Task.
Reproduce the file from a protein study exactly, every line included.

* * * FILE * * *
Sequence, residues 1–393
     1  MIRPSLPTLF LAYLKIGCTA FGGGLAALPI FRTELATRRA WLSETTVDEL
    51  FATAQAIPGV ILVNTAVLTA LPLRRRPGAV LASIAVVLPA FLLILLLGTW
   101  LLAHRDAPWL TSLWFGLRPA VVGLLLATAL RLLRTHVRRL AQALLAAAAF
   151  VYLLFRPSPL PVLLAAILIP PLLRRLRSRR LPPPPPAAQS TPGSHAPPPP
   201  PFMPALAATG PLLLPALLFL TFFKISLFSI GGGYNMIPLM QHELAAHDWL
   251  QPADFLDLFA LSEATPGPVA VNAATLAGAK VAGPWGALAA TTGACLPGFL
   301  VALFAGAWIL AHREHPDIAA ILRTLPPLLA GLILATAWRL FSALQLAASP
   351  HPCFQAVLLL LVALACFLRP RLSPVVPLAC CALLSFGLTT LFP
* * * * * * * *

Sequence, residues 1–393
     1  MIRPSLPTLF LAYLKIGCTA FGGGLAALPI FRTELATRRA WLSETTVDEL
    51  FATAQAIPGV ILVNTAVLTA LPLRRRPGAV LASIAVVLPA FLLILLLGTW
   101  LLAHRDAPWL TSLWFGLRPA VVGLLLATAL RLLRTHVRRL AQALLAAAAF
   151  VYLLFRPSPL PVLLAAILIP PLLRRLRSRR LPPPPPAAQS TPGSHAPPPP
   201  PFMPALAATG PLLLPALLFL TFFKISLFSI GGGYNMIPLM QHELAAHDWL
   251  QPADFLDLFA LSEATPGPVA VNAATLAGAK VAGPWGALAA TTGACLPGFL
   301  VALFAGAWIL AHREHPDIAA ILRTLPPLLA GLILATAWRL FSALQLAASP
   351  HPCFQAVLLL LVALACFLRP RLSPVVPLAC CALLSFGLTT LFP